Weaning ways

Motherhood is one of the most amazing and rewarding journeys. Yet along with the good, comes the uncertainty and self-doubt. Just like smiling, sitting, crawling and walking, eating solids is one exciting milestone.

What if the neighbour’s baby is eating solids at four months and your five month-old-baby is still more than happy with his milk? Now add all the research, advice, opinions and beliefs, and you have one worried mommy.

When should I start introducing solids?

Your baby will tell you when they are ready. There are certain cues to look out for and reading these cues and responding to them is very important. The signs that your baby is ready for solids starts with gross motor cues (your baby is able to sit supported and has neck control) to fine motor cues, where they reach for the spoon with the food.

Oral motor cues to look out for include jaw stability, less tongue thrust and gag reflexes, licks food from lips and sucks food to the back of the mouth.

“Once you understand your baby, you will know how to approach their feeding.”

Once you know your baby is ready for solids, they will also display hunger and satiety cues. When your baby is hungry, they will become irritable, start moaning, get excited when you walk to the fridge and open their mouth when you approach them with the spoon.

Once they are full, they will start turning their head away from the food, clamp their mouth closed when the spoon approaches, lose interest and push the bowl away.

Cues can sometimes be deceiving when there has been a past negative feeding experience such as reading cues wrong, tube feeding or reflux. These cues might also be influenced when a baby is born small or large for gestational age or with certain disorders. Therefore, it is very important to monitor your baby’s weight and to go see a medical professional once you notice issues with weight gain.

How will I know when to try the next food? How often do I introduce new foods?

It is important to remember your baby is their own person. Their individual personalities play a big role in when they will be ready to move on to different food, or when they will be bored with the same food. Once you understand your baby, you will know how to approach their feeding.

Babies’ personalities range from sensory seekers, who get bored quickly with bland foods, routines and their milk, to ‘slow to warm up’ babies who get stuck in their comfort zone and struggle with new textures and strong flavours.

Why do people make such a fuss over the introduction of solids? We have been doing it forever!

The whole process is more than just getting your child to eat solids. The weaning process is led by science, and enough research has shown that this phase and process affects later development and sets the stage for future eating habits and relationships with food.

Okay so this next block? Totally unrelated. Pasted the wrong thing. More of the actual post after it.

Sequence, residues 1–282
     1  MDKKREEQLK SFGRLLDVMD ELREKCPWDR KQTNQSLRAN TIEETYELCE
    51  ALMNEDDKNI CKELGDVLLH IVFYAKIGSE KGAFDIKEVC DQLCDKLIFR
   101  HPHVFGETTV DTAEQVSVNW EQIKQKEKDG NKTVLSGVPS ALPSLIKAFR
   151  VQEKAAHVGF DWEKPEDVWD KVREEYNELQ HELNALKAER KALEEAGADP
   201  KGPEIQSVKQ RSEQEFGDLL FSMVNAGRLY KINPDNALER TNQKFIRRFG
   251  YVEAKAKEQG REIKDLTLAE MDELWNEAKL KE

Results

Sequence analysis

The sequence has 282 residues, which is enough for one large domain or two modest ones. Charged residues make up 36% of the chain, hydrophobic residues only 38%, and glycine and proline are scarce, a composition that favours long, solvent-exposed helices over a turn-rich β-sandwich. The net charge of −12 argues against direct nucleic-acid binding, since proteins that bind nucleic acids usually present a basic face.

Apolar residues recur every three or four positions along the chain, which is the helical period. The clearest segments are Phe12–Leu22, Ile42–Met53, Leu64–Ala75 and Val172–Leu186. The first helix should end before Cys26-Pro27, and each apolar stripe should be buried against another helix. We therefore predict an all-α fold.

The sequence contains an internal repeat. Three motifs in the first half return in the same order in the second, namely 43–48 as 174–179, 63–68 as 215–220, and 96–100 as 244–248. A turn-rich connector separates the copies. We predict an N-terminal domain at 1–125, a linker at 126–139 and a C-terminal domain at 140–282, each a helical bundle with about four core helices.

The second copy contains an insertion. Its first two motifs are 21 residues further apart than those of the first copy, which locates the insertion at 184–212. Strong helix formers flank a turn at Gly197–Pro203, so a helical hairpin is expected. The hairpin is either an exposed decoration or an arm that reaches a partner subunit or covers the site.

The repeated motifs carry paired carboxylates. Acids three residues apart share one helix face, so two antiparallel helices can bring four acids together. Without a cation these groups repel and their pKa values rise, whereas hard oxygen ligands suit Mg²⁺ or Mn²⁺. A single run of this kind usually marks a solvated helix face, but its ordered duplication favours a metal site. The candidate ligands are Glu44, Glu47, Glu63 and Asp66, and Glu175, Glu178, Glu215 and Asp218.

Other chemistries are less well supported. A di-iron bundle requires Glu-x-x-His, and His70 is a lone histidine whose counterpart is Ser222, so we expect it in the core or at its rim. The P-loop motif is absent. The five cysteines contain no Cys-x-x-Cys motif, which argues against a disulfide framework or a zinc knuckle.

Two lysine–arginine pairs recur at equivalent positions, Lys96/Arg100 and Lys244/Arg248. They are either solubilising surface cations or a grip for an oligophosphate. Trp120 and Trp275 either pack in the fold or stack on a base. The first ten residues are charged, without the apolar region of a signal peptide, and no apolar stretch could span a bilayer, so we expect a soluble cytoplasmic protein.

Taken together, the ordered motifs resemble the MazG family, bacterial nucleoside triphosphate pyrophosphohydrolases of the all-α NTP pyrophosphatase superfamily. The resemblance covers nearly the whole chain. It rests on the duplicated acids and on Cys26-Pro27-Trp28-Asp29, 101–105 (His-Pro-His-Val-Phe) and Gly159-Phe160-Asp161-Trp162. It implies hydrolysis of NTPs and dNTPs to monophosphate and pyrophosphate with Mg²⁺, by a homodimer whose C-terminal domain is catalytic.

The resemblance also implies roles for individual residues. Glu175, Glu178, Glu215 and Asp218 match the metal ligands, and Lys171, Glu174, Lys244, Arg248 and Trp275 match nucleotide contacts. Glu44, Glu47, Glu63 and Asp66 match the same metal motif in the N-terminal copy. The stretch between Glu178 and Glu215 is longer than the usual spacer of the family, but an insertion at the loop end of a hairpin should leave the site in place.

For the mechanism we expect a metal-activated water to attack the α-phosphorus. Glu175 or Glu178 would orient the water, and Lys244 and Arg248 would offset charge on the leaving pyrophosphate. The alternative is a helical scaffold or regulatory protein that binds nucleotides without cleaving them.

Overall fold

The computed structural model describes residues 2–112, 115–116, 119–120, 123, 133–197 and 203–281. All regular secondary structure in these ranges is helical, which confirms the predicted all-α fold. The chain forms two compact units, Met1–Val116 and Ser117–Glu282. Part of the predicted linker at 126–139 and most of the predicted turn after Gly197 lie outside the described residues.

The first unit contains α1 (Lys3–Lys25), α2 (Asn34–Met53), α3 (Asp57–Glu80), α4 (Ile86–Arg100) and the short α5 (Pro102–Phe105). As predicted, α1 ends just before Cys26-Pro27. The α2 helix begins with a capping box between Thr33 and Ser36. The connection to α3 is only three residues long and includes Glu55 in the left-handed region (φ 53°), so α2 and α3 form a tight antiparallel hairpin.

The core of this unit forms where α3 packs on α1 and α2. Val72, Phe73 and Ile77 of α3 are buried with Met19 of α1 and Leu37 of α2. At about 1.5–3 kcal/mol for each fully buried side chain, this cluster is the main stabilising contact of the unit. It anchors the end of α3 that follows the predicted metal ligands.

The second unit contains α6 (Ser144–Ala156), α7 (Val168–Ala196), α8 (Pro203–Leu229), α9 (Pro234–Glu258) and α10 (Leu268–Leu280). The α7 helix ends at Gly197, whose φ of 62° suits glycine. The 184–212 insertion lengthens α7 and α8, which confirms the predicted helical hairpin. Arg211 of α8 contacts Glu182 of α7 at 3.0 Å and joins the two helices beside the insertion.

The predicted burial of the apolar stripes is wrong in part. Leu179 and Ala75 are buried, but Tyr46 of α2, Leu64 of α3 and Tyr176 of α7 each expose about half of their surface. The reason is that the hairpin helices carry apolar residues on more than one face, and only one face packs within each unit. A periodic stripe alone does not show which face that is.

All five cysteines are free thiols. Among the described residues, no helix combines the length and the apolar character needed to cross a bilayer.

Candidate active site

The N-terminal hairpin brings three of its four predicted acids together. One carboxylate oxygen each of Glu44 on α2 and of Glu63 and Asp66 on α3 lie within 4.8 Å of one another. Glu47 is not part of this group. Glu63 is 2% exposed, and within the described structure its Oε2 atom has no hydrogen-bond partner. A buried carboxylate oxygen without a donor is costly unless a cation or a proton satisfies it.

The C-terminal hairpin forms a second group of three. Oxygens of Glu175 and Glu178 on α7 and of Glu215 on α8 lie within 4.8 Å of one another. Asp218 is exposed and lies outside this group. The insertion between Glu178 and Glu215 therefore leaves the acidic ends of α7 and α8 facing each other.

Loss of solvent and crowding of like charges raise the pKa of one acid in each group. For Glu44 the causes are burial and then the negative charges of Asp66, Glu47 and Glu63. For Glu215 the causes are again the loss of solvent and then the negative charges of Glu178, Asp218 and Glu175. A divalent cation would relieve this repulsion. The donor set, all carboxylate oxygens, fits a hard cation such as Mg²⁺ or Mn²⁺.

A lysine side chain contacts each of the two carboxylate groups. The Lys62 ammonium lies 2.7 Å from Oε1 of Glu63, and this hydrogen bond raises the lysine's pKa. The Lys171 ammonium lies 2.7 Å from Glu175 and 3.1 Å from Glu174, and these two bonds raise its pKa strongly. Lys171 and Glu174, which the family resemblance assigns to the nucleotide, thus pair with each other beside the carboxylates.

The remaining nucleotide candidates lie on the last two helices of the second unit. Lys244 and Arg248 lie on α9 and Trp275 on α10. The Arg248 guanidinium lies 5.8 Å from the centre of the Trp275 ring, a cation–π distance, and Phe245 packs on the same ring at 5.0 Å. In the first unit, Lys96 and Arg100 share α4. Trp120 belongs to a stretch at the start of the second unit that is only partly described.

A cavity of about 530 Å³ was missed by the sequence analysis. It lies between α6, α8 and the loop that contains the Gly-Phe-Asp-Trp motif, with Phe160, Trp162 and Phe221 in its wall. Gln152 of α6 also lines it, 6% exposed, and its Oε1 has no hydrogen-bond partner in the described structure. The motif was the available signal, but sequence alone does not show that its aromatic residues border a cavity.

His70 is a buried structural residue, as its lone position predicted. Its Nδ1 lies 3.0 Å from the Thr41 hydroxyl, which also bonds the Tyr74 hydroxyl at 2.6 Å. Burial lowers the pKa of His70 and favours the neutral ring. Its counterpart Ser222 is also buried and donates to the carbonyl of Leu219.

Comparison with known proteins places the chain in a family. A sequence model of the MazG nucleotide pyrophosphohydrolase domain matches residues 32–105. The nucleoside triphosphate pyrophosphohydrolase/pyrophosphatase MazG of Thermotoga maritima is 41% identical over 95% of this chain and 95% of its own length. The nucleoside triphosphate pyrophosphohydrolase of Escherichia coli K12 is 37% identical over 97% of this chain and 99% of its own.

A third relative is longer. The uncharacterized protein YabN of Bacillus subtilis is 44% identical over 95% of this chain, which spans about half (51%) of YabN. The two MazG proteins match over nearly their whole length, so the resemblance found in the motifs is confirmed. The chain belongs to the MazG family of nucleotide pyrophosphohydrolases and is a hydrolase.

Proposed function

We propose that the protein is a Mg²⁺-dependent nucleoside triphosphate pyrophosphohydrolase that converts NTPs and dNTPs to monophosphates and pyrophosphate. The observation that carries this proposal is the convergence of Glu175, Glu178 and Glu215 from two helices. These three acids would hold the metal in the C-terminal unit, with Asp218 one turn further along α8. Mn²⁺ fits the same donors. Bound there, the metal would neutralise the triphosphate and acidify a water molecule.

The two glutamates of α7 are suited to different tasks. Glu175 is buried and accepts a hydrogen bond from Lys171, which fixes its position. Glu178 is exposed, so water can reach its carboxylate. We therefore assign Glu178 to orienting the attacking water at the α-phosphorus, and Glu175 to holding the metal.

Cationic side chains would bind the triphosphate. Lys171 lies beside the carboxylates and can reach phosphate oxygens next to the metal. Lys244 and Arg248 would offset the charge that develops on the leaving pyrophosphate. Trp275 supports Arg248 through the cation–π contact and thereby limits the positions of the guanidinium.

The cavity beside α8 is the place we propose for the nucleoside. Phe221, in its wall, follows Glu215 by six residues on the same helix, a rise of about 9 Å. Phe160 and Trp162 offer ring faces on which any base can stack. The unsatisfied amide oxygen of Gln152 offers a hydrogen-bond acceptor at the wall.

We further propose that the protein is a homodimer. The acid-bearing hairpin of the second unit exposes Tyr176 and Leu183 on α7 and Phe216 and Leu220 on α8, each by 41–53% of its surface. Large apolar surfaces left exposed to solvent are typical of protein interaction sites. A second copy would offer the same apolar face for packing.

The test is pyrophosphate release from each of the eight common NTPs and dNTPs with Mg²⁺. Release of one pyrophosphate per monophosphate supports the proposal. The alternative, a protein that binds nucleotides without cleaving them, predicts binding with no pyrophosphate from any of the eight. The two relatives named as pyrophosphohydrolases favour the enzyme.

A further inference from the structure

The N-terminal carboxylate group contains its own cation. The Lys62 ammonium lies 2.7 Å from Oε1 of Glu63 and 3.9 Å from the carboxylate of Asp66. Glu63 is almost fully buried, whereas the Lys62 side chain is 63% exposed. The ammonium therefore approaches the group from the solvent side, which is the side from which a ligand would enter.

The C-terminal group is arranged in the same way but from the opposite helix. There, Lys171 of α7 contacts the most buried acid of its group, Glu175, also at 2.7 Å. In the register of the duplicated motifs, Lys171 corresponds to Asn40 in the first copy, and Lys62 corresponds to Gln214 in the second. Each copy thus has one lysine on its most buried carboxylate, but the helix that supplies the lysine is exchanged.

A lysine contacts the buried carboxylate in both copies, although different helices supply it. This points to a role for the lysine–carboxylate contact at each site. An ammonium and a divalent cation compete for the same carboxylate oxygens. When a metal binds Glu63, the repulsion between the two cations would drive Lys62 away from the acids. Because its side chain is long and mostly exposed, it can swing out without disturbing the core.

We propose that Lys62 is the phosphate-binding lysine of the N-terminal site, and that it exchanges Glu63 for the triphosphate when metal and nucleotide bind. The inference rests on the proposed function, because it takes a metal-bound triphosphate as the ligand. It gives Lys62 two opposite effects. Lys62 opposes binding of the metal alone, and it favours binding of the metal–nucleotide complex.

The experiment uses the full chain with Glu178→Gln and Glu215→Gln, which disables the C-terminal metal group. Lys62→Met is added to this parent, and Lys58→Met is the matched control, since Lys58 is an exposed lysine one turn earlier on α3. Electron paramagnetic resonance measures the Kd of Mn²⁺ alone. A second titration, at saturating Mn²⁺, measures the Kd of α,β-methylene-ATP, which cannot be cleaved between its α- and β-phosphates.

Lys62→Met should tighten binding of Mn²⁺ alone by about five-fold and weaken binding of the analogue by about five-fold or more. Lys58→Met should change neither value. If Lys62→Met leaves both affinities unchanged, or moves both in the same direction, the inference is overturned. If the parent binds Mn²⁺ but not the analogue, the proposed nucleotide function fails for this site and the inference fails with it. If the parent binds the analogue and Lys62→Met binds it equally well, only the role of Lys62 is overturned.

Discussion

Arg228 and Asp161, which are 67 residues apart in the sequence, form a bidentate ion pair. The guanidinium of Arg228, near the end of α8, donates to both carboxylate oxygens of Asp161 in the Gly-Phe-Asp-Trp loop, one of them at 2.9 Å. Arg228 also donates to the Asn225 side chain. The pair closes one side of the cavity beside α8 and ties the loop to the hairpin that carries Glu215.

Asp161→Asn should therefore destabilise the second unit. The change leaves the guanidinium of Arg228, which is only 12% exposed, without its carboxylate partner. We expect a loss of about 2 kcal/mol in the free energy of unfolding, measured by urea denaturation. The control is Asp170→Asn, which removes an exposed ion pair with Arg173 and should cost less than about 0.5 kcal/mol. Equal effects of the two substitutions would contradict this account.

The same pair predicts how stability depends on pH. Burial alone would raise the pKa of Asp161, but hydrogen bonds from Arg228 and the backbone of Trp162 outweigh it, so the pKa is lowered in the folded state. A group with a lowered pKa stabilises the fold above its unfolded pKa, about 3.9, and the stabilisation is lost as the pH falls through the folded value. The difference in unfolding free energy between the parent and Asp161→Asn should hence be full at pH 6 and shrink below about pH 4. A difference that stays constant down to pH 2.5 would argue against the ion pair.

Science has also now made it quite clear as to when to introduce allergens, which types of foods to start with and which food is appropriate for what age.

My child is a picky eater! Help!

All is not lost! You are not alone and it’s important not to become frustrated. Start by implementing a routine and set an example. You have to start with the food your child likes and go from there by slowly changing the texture, flavour and shape.

Never bribe them or sneak food in by disguising it as one of their favourites. If the picky eating is accompanied by other behavioural or digestive issues, it might be a good idea to see a GP.

Lastly, I find it so important for moms to know that the weaning process does not actually start when your baby is giving you the cues for solids, but that you actually set the stage for weaning and picky eaters with your diet during your third trimester already!

The new COLLAB approach from Meg Faure and Kath Megaw offers a process that is tailor-made for every specific mom and her baby. This approach is explained in detail in the new Weaning Sense book.

This article was written specifically for BabyYumYum by our partner, Nutripaeds.

Also read:

What to do when your infant is still hungry
How to deal with picky eaters

Kath is a clinical dietitian with special interest in paediatrics. Her private national and international practice is not only built on assisting her little patients with their nutritional needs but also offering support to moms and dads. She is a regular speaker at baby and toddler seminars, runs workshops on infant and childhood nutrition, writes for leading publications and she is a respected author in her field. Kath sits on three international boards including the European board for feeding premature infants.